In XML-based documentation systems, some elements are concerned with the structure of a document and other elements exist purely to suggest what the intended styling of the final document should be. These latter elements are what we will refer to as Formatting Elements. The set of formatting elements will vary between documentation systems. For example to request that words in the final document have bold styling DITA provides the "<b/>" element. DITA Merge allows the user to specify the set of elements to be considered as formatting elements.
The formatting element functionality is intended to allow users to focus on either purely textual content differences between documents or styling differences by treating elements marked as formatting differently to other elements. When formatting element functionality is enabled, DITA Merge provides additional output formats which show different views of the changes. The page Formatting Element Representations has details of the different output types. These additional output formats can show changes in several different ways, each of which allows the user to concentrate on a different aspect of the document changes. For example the content group output format provides a "text" output showing just the textual changes, and also a "content" output showing both textual and styling changes.
2. Example Input Files and Configuration
2.1. Input Files
To illustrate how DITA Merge helps with formatting elements, we will examine the following four versions of a simple document. These might be multiple edits of the same document content over time or by different authors. We will show how DITA Merge handles these changes with formatting elements both enabled and disabled.
The ancestor version of the document, shown below as version "A", has no formatting in the paragraph.
The first modification, shown as version "B" below, has no text changes, but specifies that the text "words in bold" is shown in an 'b' style.
The second modification, shown as version "C" below, has both textual changes and styling changes. The 'b' markup is removed and a single word is marked to be shown in 'i', and there are two text changes.
The third modification of the document, shown as version "D" below, has applied multiple styling changes including 'i' as a child element of 'u', and the text is unchanged from version "C".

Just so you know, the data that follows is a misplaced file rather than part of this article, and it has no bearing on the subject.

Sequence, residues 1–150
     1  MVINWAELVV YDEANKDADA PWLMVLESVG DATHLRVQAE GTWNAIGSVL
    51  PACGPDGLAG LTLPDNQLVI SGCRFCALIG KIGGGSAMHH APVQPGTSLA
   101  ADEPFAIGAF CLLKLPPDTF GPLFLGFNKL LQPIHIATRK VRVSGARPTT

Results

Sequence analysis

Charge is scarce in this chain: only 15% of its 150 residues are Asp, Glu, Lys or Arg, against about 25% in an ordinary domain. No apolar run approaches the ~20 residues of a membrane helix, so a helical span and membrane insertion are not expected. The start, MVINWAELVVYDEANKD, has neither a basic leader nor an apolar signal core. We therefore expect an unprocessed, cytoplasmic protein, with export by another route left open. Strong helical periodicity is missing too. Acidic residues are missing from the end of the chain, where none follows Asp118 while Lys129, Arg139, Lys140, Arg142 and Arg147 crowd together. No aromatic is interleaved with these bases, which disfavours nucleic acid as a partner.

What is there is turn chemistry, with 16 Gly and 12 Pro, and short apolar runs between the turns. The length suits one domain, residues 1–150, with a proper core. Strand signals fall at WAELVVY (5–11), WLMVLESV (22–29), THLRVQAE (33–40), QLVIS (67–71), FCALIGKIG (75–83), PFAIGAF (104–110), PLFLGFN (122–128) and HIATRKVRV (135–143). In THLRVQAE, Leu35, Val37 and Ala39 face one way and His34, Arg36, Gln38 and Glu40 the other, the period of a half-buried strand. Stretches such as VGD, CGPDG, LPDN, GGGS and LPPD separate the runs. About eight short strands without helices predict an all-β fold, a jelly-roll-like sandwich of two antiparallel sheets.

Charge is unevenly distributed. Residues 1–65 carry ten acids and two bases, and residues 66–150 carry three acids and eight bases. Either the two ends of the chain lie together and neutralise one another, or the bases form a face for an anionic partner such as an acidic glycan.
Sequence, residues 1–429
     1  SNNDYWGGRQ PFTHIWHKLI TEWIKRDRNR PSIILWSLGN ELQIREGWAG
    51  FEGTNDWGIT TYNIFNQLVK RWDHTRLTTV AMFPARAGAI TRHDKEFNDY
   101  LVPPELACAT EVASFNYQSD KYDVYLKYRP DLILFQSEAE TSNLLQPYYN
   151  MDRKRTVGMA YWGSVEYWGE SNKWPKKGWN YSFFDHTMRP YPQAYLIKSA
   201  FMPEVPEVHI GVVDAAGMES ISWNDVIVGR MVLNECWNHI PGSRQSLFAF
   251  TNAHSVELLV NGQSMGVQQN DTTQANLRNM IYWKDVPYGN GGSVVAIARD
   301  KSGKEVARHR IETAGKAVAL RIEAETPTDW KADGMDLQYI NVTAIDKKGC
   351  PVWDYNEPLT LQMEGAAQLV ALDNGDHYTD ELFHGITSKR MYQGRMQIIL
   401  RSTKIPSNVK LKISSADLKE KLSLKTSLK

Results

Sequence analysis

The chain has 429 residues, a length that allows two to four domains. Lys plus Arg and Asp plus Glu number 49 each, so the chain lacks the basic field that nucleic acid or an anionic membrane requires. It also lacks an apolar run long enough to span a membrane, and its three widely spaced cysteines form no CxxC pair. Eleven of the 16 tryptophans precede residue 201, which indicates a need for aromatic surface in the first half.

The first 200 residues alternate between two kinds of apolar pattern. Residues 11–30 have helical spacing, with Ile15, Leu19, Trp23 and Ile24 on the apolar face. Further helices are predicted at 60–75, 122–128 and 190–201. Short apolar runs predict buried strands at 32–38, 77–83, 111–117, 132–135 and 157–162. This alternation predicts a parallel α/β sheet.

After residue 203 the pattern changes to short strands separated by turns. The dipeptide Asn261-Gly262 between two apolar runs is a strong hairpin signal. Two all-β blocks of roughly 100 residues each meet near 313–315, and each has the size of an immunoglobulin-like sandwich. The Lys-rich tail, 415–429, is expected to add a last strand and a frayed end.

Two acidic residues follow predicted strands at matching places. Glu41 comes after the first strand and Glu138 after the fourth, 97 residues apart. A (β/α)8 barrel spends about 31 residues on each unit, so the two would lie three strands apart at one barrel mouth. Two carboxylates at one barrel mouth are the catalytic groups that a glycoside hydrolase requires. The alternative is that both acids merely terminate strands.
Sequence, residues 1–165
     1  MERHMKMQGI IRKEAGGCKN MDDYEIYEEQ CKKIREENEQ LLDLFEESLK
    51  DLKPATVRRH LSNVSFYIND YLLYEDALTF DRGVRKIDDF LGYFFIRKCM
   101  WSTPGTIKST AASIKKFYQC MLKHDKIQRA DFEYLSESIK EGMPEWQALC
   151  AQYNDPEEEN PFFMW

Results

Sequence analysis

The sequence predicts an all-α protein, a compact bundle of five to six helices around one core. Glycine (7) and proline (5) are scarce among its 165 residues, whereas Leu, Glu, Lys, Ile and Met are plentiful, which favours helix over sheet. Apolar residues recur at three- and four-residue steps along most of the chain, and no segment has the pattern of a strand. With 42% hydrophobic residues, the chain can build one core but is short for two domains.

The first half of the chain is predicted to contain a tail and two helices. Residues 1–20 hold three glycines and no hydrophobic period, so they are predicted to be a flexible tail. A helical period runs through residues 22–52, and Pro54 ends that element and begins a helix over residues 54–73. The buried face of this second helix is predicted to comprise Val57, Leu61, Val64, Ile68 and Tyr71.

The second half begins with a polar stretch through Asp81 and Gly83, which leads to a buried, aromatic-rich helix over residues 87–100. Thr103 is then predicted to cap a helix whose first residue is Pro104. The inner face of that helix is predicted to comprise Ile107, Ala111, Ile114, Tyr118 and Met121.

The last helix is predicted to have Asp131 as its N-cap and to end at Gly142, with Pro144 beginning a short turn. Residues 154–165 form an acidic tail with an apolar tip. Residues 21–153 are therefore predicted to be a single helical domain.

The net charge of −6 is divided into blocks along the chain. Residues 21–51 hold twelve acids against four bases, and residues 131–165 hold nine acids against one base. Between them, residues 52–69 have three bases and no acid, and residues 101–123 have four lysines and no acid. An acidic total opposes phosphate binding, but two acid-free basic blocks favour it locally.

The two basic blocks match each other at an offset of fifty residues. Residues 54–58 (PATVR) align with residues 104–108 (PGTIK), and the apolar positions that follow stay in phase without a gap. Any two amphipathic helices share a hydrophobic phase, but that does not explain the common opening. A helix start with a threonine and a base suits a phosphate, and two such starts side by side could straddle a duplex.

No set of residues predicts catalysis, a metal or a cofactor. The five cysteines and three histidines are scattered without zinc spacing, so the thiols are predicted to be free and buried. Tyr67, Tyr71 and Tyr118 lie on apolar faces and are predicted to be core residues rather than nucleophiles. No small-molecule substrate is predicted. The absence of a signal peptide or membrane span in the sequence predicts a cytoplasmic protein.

The four inputs are shown below as an author might see them in a WYSIWYG view of an editor, and also combined into one diagram to highlight the changes between versions A,B,C, and D.
2.2. Configuring DITA Merge Formatting Elements
In DITA Merge, the formatting elements can be enabled and configured by setting FormattingElementsConfiguration on DITA merge object.
When formatting elements feature is enabled, DITA Merge, by default, marks following elements as formatting elements:
Default formatting elements:
apiname, b, cite, cmdname, codeph, filepath, i, lines, msgnum, msgph, parmname, pre, q, sep, sub, sup, systemoutput, term, tm, tt, u, uicontrol, userinput, var, wintitle
This list can be modified by using the helper methods in the class FormattingElementsConfiguration.
Next we specify what type of merge output is required, using the enum FormattingOutputType. The available options are listed in Formatting Element Representations.
2.2.1. FormattingOutputType Values
The formatting output is set using the setFormattingOutputType.
The code below selects content group output.
3. Default Output
Without formatting elements enabled the output from DITA Merge for our sample inputs would look like the following.
If we are only interested in text changes and not interested in format changes then this output, although a correct representation of the changes between versions, makes it difficult to see the text changes.
4. Formatting Elements DeltaV2.1 Output
Note how in the above DeltaV2.1 result, with formatting elements enabled, the changes highlight the formatting element hierarchy and there is less duplication of changed text than the default output.
5. Content Group Output
With the content group formatting element output selected (CONTENT_GROUP) the above output is produced. Note how the contentGroup(we will assume the presence of the "deltaxml:" namespace prefix for the elements in this description) element contains two types of child elements; text and content elements. The text elements show only the text changes, ignoring any formatting, so that users who wish to concentrate on only textual changes need only examine these. The content elements show both text and formatting changes grouped together in a way that makes it easier to see the entire changes. One intended use case for the content group formatting element output format is for Graphical User Interface (GUI) systems which can allow the end user to choose which type of differences to show; either just text or text and format. The following example illustrates one way this might be shown. The default display is to show only text additions and deletions, and when the highlighted text block is selected, a dropdown could show both the formatting and text changes from each version.
The sample is implemented in the
main method of a single Java class,
FormattingElements.java, and the approach taken is as follows:
- Create File objects for sample inputs.
- Instantiate the merge object using either ConcurrentMerge or SequentialMerge;
- Set the ancestor file (only for ConcurrentMerge) with:
- Add the demo input versions by using one of the following:
- Set the formatting output type to
- Call one of the following methods to produce a DeltaV2 representation of the merge.
7. Running The Sample
To run this sample, all the files you need together with instructions are available on Bitbucket : DITA Merge - Formatting Elements Sample.